In this briefing:
- Nitori: Expanding Through Diversification into New Categories
- How Long Does It Take To Change One’s Behavior? Why Does This Matter in the Post COVID-19 World?
- Activist Target Katakura (3001 JP) Announces BIG Buyback
- Governments and Policies Adapting to Critical Known Unknown
- Costs of and Response to COVID-19
Nitori may have achieved 33 years of consecutive growth but the interiors retailer is worried about saturation in the home market and its attempts to make a big push overseas have stalled. To keep the engine running, Nitori has begun diversifying into consumer electronics, cosmetics and apparel.
The main subject of this report is as follows: “How Long Does It Take To Change One’s Behavior? Why Does This Matter in the Post COVID-19 World?” Certainly, COVID-19 will change the way people behave. The longer that COVID-19 lasts and the longer that millions of people are under lockdown, their behaviors will change further, potentially making them into a habit and this would have a tremendous impact on the global economy.
We are specifically interested in this topic because as millions of people around the world undergo “lockdown” for a period of one to three months, this could have an enormous behavior change once this lockdown period ends.
The change in behavior patterns (especially related to consumer spending) in the post COVID-19 world would also have a big impact on whether the global economy/stock market can turn around quickly (such as after the Great Financial Recession in 2008/2009) or whether the turnaround lasts longer (such as after the Internet tech/crash lasting for nearly 3 years from 2000 to 2002).
Friday 27 March, after the close, activist-targeted name Katakura Industries (3001 JP)announced, with its yuho and annual meeting, a buyback of up to 2.5mm shares (7.1% of shares out) for up to JPY 2 billion.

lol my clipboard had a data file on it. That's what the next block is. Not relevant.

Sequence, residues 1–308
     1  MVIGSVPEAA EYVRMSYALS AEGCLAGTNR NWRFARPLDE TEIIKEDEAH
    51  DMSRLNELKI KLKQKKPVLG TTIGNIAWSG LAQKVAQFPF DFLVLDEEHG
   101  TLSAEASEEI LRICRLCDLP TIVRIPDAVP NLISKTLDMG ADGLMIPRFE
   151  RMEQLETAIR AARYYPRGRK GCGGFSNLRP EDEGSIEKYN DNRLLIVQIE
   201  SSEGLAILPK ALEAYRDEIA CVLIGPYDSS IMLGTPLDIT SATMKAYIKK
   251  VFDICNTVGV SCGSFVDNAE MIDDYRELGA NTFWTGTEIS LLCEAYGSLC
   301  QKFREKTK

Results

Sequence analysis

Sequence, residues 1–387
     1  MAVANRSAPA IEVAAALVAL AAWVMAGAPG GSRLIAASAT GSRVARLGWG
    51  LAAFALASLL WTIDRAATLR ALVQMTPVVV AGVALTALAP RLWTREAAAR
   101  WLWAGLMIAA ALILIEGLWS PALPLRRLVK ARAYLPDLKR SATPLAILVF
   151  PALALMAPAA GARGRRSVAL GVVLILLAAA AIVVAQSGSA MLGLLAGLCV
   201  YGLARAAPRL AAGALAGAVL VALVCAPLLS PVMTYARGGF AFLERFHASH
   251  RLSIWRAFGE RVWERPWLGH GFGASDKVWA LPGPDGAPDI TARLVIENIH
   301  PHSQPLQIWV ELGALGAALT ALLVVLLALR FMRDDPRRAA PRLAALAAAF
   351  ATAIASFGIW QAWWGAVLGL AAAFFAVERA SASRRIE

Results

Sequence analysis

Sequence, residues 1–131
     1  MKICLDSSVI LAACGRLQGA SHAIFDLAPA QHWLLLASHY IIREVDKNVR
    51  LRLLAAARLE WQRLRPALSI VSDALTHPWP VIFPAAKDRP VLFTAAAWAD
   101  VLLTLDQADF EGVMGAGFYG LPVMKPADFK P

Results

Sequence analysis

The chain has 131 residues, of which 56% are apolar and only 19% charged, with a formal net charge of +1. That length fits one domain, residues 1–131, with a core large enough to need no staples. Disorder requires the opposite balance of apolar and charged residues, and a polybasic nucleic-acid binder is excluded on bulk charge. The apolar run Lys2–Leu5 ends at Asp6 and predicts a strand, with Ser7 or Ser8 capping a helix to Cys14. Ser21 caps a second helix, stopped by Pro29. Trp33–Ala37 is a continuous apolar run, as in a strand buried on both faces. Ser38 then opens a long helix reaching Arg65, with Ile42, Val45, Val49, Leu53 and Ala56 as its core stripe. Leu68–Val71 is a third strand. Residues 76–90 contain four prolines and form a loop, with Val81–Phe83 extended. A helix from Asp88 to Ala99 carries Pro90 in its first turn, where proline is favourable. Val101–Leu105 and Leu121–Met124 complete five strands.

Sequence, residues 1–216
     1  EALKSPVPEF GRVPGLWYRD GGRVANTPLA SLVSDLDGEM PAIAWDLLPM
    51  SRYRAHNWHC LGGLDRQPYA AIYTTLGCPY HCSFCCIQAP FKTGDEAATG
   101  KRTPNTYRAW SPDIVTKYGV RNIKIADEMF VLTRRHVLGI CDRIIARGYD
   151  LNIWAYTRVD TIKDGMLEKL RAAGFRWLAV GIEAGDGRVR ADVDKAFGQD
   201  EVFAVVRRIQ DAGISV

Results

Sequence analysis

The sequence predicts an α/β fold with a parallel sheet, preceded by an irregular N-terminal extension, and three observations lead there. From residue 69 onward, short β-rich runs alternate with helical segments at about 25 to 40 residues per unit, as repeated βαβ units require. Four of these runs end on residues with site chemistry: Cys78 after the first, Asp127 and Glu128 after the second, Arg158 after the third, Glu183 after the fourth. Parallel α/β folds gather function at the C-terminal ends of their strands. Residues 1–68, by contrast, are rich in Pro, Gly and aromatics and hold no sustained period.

The buyback will be conducted between 1 April 2020 and 31 March 2021.
There is a minor detail unspecified in the announcement (which is often specified) and the combination of the shareholder structure and trading patterns tells you what you need to know.
We argued in Lack of US market & macro volatility both reassuring and troubling that “the market’s willingness to look through domestic political and geopolitical events suggests that only a significant exogenous or endogenous shock currently beyond markets’ radar screens (an “unknown unknown”) is likely to really move the needle”.
That unknown unknown, a “black swan” event, has turned out to be a global viral pandemic on a scale not seen since the Spanish influenza pandemic of 1918-1919.
The coronavirus outbreak is now three months old but governments, central banks, corporates and households still face a critical known unknown, in our view, namely the total number people who had the coronavirus, acquired immunity and are no longer contagious and who currently carry the coronavirus and are thus potentially infectious.
This includes people who have not been clinically tested – more than 99.9% of the world’s population. We estimate that only 3.3 million people (4 out of every 10,000) have been tested for coronavirus, although testing data are patchy and often released with a lag. The main reason so few people have been tested is the still limited capacity to rapidly and reliably test a very large number of people.
In econometric terms that is a very small sample from which to extrapolate country-wide trends. One implication is that the actual mortality rate may be far smaller than reported.
The high number of tests-per-capita conducted in countries such as South Korea has been posited as an explanation for their relatively low number of coronavirus-related deaths. However, other factors have likely been at play, including the timing of clinical tests, demographics, national health systems’ capacity to treat infected patients and the timing and efficacy of self-isolation and self-distancing policies, including country “lockdowns”.
For now what policy-makers know they don’t know will likely continue to influence country-specific containment plans, as well as domestic measures to support economic growth while ensuring the functioning of financial markets.
As the epicentre of the coronavirus pandemic shifts from Europe to the US and the number of deaths and infection cases reach new highs, the costs of the crisis are beginning to be revealed. In Singapore economic activity contracted in 1Q20 at a faster pace than at the worst point during the GFC while Chinese industrial profits were down 38% in the first two months of the year. Despite this we are cautiously optimistic that Asian economic activity led by China will pick-up in the second half of the year. We are much more worried about advanced economies where policy mis-management threatens to tip the world economy into recession.
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